`Now, Katy,' said Rose, seating herself in `Chit', `pull up “Chat”, and let us begin.'

  So they did begin, and went on, interrupted only by Baby Rose's coos and splutters till the dusk fell, till appetizing smells floated through from the rear of the house, and the click of a latch key announced Mr Browne, come home just in time for dinner.

  The two days' visit went only too quickly. There is nothing more fascinating to a girl than the menage of a young couple of her own age. It is a sort of playing at real life without the cares and the sense of responsibility that real life is sure to bring. Rose was an adventurous house-keeper. She was still new to the position; she found it very entertaining, and she delighted in experiments of all sorts. If they turned out well, it was good fun; if not, that was funnier still! Her husband, for all his serious manner, had a real boy's love of a lark, and he aided and abetted her in all sorts of whimsical devices. They owned a dog who was only less dear than the baby, a cat only less dear than the dog, a parrot whose education required constant supervision, and a hutch of ring doves whose melancholy little `whuddering' coos were the delight of Rose. The house seemed astir with young life all over. The only elderly thing in it was the cook, who had the reputation of a dreadful temper; only unfortunately, Rose made her laugh so much that she never found time to be cross.

  Katy felt quite an old, experienced person amid all this movement and liveliness and cheer. It seemed to her that nobody in the world could possibly be having such a good time as Rose; but Rose did not take the same view of the situation.

  `It's all very well now,' she said, `while the warm weather lasts, but in winter Longwood is simply gruesome. The wind never stops blowing day or night. It howls and it roars and it screams, till I feel as if every nerve in my body were on the point of snapping in two. And the snow, ugh! And the wind, ugh! And burglars! Every night of our lives they come - or I think they come - and I lie awake and hear them sharpening their tools and forcing the locks and murdering the cook and kidnap-ping Baby, till I long to die and have done with them forever! O, nature is the most unpleasant thing!'

  `Burglars are not nature,' objected Katy.

  `What are they, then? Art? High art? Well, whatever they are, I do not like them. Oh, if ever the happy day comes when Deniston consents to move into town, I never wish to set my eyes on the country again as long as I live, `unless - well, yes, I should like to come out just once more in the horse-cars and kick that elm tree by the fence! The number of times that I have lain awake at night listening to its creaking!'

  `You might kick it without waiting to have a house in town.

  `Oh, I shouldn't dare as long as we are living here! You never know what nature may do. She has ways of her own of getting even with people,' remarked her friend, solemnly.

  No time must be lost in showing Boston to Katy, Rose said. So, the morning after her arrival she was taken in bright and early to see the sights. There were not quite so many sights to be seen then as there are today. The Art Museum had not got much above its foundations; the new Trinity Church was still in the future; but the big organ and the bronze statue of Beethoven were in their glory, and every day at high noon a small straggling audience wandered into the Music Hall to hear the instrument played. To this extempore concert Katy was taken, and to Faneuil Hall and the Athenaeum, to Doll and Richards, where was an exhibition of pictures, to the Granary Graveyard, and the Old South. Then the girls did a little shopping, and by that time they were quite tired enough to make the idea of luncheon agreeable, so they took the path across the Common to the Joy Street Mall.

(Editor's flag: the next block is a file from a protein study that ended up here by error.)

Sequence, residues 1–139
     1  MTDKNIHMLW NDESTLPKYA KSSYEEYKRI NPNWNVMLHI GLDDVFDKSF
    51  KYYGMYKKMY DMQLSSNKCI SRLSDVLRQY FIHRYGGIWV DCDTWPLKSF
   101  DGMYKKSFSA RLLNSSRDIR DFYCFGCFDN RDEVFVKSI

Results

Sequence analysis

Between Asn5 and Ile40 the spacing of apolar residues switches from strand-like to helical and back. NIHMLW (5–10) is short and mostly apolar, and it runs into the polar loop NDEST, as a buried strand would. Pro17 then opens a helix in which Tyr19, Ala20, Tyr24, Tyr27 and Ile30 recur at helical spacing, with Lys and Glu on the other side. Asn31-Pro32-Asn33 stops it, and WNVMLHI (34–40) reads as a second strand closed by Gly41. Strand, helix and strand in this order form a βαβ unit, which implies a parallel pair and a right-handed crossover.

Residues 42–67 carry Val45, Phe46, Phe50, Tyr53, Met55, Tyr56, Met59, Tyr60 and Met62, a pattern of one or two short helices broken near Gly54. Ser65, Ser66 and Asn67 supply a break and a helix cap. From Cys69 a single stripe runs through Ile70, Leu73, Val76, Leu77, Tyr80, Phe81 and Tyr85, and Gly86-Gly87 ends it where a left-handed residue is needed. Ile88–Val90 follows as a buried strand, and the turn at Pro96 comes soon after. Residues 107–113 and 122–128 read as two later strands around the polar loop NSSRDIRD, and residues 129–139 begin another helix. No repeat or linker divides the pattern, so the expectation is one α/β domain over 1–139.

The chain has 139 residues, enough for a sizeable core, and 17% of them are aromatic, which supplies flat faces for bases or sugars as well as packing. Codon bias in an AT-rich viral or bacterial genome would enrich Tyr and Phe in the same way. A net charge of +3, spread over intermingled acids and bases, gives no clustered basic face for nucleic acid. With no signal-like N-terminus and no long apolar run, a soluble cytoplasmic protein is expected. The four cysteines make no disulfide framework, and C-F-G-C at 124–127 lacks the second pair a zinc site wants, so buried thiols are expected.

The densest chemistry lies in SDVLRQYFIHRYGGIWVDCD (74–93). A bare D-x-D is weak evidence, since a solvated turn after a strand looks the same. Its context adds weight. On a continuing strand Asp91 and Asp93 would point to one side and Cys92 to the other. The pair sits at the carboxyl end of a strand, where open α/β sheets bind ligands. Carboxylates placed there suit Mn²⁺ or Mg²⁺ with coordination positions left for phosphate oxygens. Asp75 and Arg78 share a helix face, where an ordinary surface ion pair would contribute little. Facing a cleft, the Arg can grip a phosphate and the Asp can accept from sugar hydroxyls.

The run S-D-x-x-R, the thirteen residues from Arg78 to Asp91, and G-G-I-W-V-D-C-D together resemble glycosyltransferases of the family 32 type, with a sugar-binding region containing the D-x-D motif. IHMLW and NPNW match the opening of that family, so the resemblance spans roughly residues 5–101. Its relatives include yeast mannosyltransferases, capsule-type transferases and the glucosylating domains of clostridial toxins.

Katy was charmed by all she had seen. The delightful nearness of so many interesting things surprised her. She perceived what is one of Boston's chief charms - that the Common and its surrounding streets make a natural centre and rallying point for the whole city, as the heart is the centre of the body and keeps up a quick correspondence and regulates the life of all its extremities. The stately old houses on Beacon Street, with their rounded fronts, deep window casements, and here and there a mauve or a lilac pane set in the sashes, took her fancy greatly, and so did the State House, whose situation made it sufficiently imposing, even before the gilding of the dome.

  Up the steep steps of the Joy Street Mall they went, to the house on Mt Vernon Street which the Reddings had taken on their return from Washington nearly three years before. Rose had previously shown Katy the site of the old family house on Summer Street, where she was born, now den over wholly to warehouses and shops. Their present residence was one of those wide, old-fashioned brick houses on the crest of the hill, whose upper windows command the view across to the Boston Highlands; in the rear was a spacious yard, almost large enough to be called a garden, walled in with ivies and grape-vines, under which were long beds full of roses and chrysanthemums and marigolds and mignonette.

  Rose carried a latch key in her pocket, which she said had been one of her wedding gifts; with this she unlocked the front door and let Katy into a roomy, white-painted hall.

  `We will go straight through to the back steps,' she said. `Mammy is sure to be sitting there. She always sits there till the first frost; she says it makes her think of the country. How different people are! I don't want to think of the country, but I'm never allowed to forget it for a moment. Mamma is so fond of those steps and the garden.'